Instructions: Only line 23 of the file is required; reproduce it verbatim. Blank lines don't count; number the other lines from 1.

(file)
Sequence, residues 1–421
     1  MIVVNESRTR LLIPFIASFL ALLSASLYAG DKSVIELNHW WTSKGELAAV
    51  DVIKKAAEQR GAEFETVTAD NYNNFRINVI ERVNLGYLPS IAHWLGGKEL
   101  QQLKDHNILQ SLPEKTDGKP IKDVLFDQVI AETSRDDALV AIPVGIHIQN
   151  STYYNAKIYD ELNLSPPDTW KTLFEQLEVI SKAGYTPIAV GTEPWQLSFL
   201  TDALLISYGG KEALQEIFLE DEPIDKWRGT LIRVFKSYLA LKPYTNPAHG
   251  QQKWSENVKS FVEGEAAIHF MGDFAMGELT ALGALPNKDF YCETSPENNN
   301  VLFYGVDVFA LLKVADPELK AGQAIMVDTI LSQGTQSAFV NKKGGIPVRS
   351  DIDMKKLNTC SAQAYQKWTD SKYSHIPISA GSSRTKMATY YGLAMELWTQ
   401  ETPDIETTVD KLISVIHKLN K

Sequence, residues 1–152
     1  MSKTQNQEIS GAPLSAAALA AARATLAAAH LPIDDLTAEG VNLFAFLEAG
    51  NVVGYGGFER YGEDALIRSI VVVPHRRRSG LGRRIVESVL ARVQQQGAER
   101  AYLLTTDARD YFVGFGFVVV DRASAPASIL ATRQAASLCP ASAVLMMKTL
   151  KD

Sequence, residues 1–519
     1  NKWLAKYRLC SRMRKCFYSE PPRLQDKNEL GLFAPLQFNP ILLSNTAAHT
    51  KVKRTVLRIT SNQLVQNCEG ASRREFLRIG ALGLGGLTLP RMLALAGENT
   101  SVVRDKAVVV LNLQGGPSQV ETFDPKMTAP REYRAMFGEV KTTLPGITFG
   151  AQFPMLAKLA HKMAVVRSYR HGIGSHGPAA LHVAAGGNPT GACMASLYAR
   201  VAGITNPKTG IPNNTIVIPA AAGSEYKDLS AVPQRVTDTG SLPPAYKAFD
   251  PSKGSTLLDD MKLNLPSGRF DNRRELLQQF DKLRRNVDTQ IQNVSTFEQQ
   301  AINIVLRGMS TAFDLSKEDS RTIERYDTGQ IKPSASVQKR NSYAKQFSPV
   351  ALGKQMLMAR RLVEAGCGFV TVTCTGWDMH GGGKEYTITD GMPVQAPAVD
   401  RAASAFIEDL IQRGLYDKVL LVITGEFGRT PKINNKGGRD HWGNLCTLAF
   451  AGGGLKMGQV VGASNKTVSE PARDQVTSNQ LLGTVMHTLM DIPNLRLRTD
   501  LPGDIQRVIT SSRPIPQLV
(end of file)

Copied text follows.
   301  AINIVLRGMS TAFDLSKEDS RTIERYDTGQ IKPSASVQKR NSYAKQFSPV